Category Archives: London Free Press
Debora Van Brenk, London Free Press
Canada’s wind energy giant has slapped a Strathroy-area rock gardener with a lawsuit alleging she’s harming its reputation. In a Goliath-vs-David dispute, NextEra Energy Canada says Esther Wrightman is discrediting it, depreciating its goodwill in the community and mutilating its copyrighted logo. NextEra Energy’s operating revenue in 2012 was $14 billion.
On the other side is Wrightman, who says she can’t even afford the $144 fee to file her statement of defence. “It’s totally parody,” Wrightman said, defending her manipulation of the NextEra logo. “It’s parody and it’s fair comment on what they’ve done.”
A mother of two, whose income comes from disability supports and selling plants for rock gardens, Wrightman has been a thorn in NextEra’s side for opposing wind turbines planned for the Strathroy area. She’s also drawn the company’s ire for posting a video of the dismantling of a bald eagle’s nest in the path of a Haldimand turbine project. The lawsuit, filed with the Ontario Superior Court of Justice, contends Wrightman mutilated the firm’s logo by making it read “NextTerror” and “NextError.” It also says she infringed on copyright, made misleading statements meant to discredit the business, made false representations and showed bad faith. Read article
By Paul Morden, London Free Press
Middlesex County anti-wind turbine activist Esther Wrightman says she’s not giving in to a cease and desist warning from lawyers working for NextEra Energy Canada. A letter, dated March 20, was sent to Wrightman calling on her to remove YouTube videos and wind resistance website postings because of company logos altered to read “NEXTerror” and “Nextterror Bullies Canada Inc.”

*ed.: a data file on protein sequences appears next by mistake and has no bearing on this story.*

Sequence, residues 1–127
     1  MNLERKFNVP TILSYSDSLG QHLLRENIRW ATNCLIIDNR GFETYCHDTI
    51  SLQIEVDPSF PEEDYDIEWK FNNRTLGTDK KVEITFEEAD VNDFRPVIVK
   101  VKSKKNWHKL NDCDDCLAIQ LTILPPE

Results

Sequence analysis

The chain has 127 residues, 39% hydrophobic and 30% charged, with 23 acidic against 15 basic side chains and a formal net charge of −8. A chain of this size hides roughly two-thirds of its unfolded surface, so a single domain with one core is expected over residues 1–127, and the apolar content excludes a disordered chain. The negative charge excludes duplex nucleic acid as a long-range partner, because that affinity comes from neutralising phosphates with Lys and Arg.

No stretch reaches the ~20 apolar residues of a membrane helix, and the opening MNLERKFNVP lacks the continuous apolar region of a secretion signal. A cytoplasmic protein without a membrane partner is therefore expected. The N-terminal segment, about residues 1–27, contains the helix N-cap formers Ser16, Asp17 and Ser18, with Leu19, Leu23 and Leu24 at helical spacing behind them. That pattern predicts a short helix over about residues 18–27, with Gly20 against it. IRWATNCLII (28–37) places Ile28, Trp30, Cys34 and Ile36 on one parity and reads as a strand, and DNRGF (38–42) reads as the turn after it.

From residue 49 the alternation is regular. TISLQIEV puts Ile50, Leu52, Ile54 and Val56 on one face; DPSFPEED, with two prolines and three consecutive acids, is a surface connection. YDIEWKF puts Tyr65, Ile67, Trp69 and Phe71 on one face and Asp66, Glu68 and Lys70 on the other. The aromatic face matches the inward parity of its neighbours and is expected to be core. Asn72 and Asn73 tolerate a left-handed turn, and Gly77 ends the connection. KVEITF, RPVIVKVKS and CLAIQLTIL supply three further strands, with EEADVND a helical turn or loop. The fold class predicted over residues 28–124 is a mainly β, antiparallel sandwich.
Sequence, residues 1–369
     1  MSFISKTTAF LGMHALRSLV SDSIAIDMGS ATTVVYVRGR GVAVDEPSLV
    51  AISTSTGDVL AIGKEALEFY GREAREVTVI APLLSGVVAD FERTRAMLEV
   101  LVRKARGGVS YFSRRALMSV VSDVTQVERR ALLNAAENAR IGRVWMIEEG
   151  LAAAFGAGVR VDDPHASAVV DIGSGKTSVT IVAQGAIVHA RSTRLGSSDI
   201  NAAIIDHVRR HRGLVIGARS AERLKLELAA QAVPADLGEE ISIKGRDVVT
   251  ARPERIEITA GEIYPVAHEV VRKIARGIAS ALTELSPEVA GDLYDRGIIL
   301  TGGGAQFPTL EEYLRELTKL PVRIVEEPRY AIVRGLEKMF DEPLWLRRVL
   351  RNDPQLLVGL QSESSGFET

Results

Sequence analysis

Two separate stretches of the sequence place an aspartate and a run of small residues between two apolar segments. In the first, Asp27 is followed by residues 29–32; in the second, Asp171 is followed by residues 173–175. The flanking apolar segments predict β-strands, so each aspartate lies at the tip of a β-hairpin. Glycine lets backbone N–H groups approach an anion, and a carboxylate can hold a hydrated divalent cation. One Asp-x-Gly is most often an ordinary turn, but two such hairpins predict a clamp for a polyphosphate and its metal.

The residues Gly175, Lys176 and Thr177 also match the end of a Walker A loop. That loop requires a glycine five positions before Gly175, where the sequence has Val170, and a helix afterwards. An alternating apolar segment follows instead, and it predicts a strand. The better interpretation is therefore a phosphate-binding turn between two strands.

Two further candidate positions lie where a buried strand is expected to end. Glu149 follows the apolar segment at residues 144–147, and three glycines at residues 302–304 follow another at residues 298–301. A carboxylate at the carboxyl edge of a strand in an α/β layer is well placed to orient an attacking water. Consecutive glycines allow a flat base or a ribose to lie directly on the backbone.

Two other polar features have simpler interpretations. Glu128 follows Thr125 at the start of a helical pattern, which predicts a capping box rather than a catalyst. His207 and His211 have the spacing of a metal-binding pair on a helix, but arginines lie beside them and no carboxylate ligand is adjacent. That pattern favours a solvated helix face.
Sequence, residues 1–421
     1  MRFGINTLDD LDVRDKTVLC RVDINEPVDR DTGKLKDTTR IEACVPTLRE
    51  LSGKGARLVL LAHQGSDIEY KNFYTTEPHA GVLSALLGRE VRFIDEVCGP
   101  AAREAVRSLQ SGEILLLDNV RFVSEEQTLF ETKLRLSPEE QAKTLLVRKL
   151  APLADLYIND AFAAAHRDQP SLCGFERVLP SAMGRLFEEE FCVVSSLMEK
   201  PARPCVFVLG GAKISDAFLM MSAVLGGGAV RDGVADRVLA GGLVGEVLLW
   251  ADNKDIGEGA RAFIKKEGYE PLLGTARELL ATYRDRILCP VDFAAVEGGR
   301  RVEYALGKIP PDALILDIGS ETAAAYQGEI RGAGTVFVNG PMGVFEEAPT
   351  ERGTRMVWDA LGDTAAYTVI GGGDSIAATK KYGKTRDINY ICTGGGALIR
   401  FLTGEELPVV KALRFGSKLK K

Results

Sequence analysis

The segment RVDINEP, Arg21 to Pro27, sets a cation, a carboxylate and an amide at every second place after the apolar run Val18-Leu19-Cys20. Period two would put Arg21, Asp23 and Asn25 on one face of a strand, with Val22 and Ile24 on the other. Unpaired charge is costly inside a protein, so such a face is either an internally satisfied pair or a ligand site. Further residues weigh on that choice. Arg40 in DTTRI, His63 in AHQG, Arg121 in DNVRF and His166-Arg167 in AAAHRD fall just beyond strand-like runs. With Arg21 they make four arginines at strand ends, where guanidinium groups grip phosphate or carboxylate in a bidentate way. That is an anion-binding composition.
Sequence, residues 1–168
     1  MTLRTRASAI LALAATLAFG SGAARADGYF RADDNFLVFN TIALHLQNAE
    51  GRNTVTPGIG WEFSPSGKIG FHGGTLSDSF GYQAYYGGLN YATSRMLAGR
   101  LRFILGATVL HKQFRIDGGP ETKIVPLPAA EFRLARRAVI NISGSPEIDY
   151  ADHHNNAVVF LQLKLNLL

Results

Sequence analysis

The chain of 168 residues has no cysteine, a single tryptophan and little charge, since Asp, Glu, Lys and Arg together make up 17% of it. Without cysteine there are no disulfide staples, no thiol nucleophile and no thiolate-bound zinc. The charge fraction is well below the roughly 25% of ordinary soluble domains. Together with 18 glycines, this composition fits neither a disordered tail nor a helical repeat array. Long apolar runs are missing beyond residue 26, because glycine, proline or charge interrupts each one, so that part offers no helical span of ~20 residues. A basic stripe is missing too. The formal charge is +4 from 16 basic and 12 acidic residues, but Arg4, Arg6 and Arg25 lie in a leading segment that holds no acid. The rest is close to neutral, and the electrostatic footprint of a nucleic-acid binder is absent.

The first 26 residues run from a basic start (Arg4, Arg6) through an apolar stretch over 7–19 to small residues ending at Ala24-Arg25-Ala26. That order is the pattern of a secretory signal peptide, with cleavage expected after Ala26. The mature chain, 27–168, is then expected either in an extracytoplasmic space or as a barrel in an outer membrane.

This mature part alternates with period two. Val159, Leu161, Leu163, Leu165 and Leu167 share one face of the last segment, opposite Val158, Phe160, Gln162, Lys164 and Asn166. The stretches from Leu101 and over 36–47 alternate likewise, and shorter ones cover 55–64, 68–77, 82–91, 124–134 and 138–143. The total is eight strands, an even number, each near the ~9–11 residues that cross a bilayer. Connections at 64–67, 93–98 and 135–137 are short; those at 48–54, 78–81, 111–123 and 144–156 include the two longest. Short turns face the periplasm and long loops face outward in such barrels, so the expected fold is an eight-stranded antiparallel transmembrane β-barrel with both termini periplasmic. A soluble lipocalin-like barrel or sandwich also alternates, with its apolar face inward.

“Our request is simply to not use the corporation’s registered, trademarked logo in a manner that is defamatory,” NextEra spokesperson Josie Hernandez said in an email. Hernandez said company officials attempted to contact Wrightman personally to resolve the issue before the letter from the lawyers was sent. Wrightman said phone calls where made to her home but she never spoke directly to those company representatives. “We aren’t trying to limit debate, which is clear from our letter, but we have rights in our logo that are entitled to protection under the law,” Hernandez said.
The letter from the lawyers to Wrightman mention in particular use of “NEXTerror” in a video shot in January as crews destroyed a bald eagle nest on the site of NextEra’s Summerhaven wind project in Haldimand. The tree holding the nest came down with the permission of Ontario’s Ministry of Natural Resources. The letter from the lawyers asks Wrightman to remove that video – as well as a second one interviewing company officials about the nest – from YouTube by March 22. Read article
By Greg Van Moorsel, The London Free Press
Buying a hockey jersey with No. 99 on the back doesn’t make you Wayne Gretzky. Any couch potato will tell you. Wearing a Spider-Man mask and red-and-blue tights doesn’t confer Spidey’s powers on you. Even kids know better.
How, then, does slipping on a pair of bright red Wellington boots and walking around in barnyard muck make one an agriculture minister? The truth is, it doesn’t. It’s about time someone told Ontario’s rookie premier just that.
Two months ago, when she was sworn in as premier, Kathleen Wynne decided she’d do double duty — but only for a year — as the minister in charge of the province’s largest industry. Other premiers before have moonlighted, usually as intergovernmental affairs minister.
Wynne, however, would be different in the farm beat. While clinging to office by her fingernails, learning to be a premier and trying to hold a fragile minority government together, Dalton McGuinty’s successor would — what, on her lunch breaks? — also tend to a complicated industry that employs more than 700,000. Read article
By Chip Martin, The London Free Press
She faced a hostile crowd of about 80 wind-turbine opponents later in Clinton, when she arrived to address a roundtable on agricultural issues sponsored by the Huron Chamber of Commerce. Huron-Bruce riding, which takes in Clinton, is considered hostile territory for Wynne and the Liberals because of opposition to turbines.
In the 2011 election, the riding opted against returning agriculture minister Carol Mitchell as MPP, a reflection of the fight against her party’s energy policies that have left 1,100 industrial wind turbines dotting rural Ontario with thousands more planned. “I am aware there are people outside who are angry,” Wynne said after running a gauntlet of signs, chants and catcalls, some amplified by loud hailers. Security was tight.